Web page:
Jennifer Eno Louden, Ph.D. (University of California, Irvine)    

Dr. Jennifer Eno Louden


Dr. Eno Louden is an Associate Professor of Psychology at UTEP. Her research interests involve issues related to criminal justice and mental health, including assessments of contextual influences on criminal justice outcomes for offenders with mental disorders (OMDs, such as social support and neighborhood characteristics), community corrections agencies’ policies and practices for supervising OMDs, probation officer decision-making, and the stigmatization of these offenders and how this stigmatization affects offenders’ outcomes in the criminal justice system.

Dan Jones, Ph.D. (University of British Columbia)    

Dr. Dan Jones


Dr. Jones is an Assistant Professor of Psychology at UTEP. His research focuses on the influence of malevolent personalities (such as psychopathy, Machiavellianism, and narcissism), in organizational settings, and the differential tactics utilized by each personality type in pursuing selfish goals. His research also emphasizes the contributing role these traits play in white collar and corporate crime, and their toxic effect on coworkers, organizational goals, and financial outcomes. These research goals also include improving behavioral and psychometric assessments of malevolent personalities in specific organizations. Additional areas of research address how antisocial strategies are utilized for pro-social goals and how dispositions towards falling in love (emotional promiscuity) can lead to criminal behavior on behalf of an antisocial romantic partner.

April Thomas, Ph.D. (University of California, Irvine) Minimize    

Dr. Thomas is an Assistant Professor in the Department of Psychology at UTEP. Her research interests center on how developmental science can inform justice system practice and policies. The majority of her work examines predictors and consequences of juvenile delinquency, as well as juveniles' experiences in the justice system. Her work has touched on topics including trajectories of offending, links between depression and offending, false confessions and false accusations, parental and peer influences on youth offending, sexting, juveniles' knowledge of the law, and juvenile transfer to adult court.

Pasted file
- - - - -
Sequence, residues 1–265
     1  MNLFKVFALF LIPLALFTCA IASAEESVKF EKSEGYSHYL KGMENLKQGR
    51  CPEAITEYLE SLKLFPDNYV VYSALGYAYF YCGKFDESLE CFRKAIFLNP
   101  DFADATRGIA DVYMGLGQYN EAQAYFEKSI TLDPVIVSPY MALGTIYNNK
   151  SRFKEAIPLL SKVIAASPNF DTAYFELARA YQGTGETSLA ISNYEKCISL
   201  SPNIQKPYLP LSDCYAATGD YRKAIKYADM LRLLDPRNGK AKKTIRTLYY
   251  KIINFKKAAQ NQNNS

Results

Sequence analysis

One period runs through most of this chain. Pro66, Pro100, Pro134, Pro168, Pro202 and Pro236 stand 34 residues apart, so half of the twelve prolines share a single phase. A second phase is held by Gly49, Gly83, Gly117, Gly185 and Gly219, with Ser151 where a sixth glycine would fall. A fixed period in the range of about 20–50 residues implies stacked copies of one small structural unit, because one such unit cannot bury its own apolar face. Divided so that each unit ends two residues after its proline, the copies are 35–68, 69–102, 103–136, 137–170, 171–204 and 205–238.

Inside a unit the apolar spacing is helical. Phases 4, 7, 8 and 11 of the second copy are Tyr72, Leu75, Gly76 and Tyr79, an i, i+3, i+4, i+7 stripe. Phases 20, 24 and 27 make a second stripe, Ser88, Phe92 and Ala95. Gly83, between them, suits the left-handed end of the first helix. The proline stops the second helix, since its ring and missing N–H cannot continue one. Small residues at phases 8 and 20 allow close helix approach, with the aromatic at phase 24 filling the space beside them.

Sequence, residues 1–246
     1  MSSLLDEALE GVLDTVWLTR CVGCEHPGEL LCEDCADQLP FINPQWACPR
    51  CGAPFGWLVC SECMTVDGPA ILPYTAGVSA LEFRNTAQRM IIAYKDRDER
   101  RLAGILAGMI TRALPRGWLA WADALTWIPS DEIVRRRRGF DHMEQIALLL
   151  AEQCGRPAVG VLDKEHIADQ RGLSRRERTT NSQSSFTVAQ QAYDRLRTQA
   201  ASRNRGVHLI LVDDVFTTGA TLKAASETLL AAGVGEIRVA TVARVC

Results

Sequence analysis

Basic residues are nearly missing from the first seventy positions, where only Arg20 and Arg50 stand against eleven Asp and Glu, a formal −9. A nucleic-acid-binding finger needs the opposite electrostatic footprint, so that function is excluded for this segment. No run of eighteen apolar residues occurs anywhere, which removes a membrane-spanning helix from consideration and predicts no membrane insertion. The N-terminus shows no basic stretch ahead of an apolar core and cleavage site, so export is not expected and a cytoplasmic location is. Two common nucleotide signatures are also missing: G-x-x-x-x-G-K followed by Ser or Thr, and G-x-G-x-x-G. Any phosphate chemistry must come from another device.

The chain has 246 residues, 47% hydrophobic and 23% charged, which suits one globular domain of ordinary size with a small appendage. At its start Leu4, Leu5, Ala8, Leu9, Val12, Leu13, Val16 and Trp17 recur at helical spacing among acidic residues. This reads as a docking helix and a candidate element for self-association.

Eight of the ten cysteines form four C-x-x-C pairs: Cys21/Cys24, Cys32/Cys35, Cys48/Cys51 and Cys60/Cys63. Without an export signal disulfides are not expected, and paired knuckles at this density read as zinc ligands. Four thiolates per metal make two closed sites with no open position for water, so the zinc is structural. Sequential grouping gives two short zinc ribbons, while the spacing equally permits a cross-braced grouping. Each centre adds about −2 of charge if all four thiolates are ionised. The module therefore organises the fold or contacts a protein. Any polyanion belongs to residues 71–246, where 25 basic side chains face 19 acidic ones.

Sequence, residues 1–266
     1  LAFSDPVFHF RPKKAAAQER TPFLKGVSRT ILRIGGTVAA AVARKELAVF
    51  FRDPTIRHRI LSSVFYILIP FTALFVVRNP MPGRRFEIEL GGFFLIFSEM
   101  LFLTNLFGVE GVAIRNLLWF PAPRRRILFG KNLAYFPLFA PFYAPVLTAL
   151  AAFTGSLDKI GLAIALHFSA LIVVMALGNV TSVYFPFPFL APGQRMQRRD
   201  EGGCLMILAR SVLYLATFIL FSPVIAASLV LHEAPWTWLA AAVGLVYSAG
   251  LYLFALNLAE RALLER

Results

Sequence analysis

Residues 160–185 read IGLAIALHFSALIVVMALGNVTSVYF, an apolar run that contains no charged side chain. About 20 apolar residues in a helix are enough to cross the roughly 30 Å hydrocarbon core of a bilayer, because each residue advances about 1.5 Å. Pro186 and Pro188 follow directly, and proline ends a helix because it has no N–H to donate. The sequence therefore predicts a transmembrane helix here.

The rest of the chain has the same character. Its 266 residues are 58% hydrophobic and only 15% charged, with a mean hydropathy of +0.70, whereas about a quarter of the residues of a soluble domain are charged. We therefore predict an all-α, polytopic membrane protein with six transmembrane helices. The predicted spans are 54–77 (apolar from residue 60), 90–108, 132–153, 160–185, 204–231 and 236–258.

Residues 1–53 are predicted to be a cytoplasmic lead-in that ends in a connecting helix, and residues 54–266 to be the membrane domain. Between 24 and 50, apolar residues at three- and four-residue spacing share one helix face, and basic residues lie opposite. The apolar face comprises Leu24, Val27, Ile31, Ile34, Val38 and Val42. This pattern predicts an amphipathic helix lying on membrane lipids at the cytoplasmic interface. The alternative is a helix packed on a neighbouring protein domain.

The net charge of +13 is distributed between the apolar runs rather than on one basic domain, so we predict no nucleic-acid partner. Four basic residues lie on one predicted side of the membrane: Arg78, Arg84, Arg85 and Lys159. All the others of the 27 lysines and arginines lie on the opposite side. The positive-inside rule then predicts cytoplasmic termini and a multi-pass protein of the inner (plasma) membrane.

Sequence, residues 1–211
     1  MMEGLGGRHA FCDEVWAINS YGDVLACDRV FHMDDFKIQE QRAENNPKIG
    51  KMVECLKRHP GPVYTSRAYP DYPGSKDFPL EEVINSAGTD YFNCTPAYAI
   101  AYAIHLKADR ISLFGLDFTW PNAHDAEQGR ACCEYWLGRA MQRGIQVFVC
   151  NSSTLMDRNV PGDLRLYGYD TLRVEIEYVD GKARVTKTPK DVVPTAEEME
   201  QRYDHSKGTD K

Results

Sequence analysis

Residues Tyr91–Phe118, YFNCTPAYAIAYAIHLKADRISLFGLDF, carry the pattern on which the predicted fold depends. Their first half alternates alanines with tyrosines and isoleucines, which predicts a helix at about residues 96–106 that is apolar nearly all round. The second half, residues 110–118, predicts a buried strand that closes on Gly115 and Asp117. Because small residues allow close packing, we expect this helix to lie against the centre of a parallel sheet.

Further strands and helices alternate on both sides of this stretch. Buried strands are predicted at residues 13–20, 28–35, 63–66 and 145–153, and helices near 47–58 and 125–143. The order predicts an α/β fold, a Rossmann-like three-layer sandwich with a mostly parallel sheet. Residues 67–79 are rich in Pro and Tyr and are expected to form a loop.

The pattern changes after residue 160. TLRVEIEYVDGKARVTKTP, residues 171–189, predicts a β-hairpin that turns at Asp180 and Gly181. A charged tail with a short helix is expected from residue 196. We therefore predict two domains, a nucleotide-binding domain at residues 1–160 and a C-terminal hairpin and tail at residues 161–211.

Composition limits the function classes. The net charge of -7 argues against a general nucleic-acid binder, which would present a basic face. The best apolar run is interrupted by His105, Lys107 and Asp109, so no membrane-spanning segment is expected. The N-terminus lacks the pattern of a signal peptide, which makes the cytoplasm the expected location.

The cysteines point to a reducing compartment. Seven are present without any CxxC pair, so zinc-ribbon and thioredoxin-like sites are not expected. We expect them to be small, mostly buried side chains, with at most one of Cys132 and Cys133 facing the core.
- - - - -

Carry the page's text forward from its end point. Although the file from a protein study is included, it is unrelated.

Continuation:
James M. Wood, Ph.D. (University of Arizona)    

Dr. James Wood


Dr. Wood is a Professor of Psychology at UTEP. His students and he are currently doing research in three areas. (1) They are studying child suggestibility and child forensic interviewing, and are especially interested in the social and motivational factors that influence children's suggestibility in sexual abuse and other legal cases. (2) They are studying aspects of police, military and intelligence interviewing and interrogation, with a focus on the use of translators, and the establishment of rapport, in interrogations. (3) They are interested in the development of tests and decision tools to predict negative outcomes in forensic, mental health, and military settings, including current work on prediction of recidivism in juvenile offenders, and on premature discharge from the military.

Associated Faculty

Steve L. Crites, Jr., Ph.D. (Ohio State University)    

Dr. Steve Crites


Dr. Crites is a Professor of Psychology. His research focuses on electrical brain activity that is associated with cognitive processes and judgments and has demonstrated that this brain activity can be used to assess concealed knowledge about events (e.g., a crime) and likes/dislikes. Ongoing research focuses on developing a practical method for assessing an individual’s likes/dislikes toward key individuals and organizations such as Osama bin Laden or the United States that might index a person’s trustworthiness or loyalties.

Dr. Crites primarily accepts doctoral students through the Social, Cognitive, & Neuroscience program.

Michael A. Zárate, Ph.D. (Purdue University)    

Dr. Michael Zarate


Dr. Zarate is a Professor of Psychology at UTEP. His research focuses on the social cognitive processes that underlie person and group perception, and how those processes lead to prejudice, stereotyping, and discrimination.

Dr. Zarate primarily accepts doctoral students through the Social, Cognitive, & Neuroscience program.